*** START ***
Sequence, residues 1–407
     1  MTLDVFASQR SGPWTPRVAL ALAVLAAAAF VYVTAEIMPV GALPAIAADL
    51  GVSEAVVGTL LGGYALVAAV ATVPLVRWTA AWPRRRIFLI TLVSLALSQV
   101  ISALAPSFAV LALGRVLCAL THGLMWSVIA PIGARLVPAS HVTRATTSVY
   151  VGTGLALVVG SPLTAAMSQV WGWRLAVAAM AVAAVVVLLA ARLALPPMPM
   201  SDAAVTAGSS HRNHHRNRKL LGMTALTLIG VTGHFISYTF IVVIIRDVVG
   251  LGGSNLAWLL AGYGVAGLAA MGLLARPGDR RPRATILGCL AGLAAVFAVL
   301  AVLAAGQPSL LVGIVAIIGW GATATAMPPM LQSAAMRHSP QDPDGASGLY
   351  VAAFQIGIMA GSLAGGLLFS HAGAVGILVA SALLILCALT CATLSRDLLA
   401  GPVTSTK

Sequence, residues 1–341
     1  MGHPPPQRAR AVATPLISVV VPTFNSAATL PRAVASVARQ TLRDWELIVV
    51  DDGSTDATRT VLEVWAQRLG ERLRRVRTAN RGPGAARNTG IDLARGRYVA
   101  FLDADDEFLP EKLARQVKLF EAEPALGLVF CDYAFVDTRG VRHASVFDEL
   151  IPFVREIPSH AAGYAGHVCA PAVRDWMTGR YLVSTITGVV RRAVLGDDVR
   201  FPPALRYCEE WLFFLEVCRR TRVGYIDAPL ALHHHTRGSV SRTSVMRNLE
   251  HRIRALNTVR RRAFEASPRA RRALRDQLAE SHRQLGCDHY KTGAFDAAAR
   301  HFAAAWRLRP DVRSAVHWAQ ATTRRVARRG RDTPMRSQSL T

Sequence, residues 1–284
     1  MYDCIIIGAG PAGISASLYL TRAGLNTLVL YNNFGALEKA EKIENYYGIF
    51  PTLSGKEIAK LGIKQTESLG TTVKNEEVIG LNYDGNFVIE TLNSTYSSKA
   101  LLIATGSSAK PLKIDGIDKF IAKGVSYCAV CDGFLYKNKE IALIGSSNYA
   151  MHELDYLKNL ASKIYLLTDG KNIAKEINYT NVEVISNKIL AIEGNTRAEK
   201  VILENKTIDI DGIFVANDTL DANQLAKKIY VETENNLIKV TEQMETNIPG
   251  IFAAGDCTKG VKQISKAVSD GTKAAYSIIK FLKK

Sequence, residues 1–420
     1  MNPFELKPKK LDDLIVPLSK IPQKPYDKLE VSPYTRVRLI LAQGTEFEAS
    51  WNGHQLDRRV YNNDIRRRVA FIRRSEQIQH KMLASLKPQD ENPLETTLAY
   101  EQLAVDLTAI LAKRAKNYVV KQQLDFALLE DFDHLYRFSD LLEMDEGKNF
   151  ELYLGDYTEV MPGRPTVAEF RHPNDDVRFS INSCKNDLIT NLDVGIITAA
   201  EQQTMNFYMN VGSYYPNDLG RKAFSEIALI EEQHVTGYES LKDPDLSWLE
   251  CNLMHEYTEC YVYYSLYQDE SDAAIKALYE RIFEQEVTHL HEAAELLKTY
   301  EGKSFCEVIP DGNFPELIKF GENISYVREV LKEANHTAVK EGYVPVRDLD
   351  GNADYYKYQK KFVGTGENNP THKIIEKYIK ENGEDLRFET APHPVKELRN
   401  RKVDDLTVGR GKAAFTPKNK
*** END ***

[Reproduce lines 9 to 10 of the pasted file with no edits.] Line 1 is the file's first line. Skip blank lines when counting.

   351  VAAFQIGIMA GSLAGGLLFS HAGAVGILVA SALLILCALT CATLSRDLLA
   401  GPVTSTK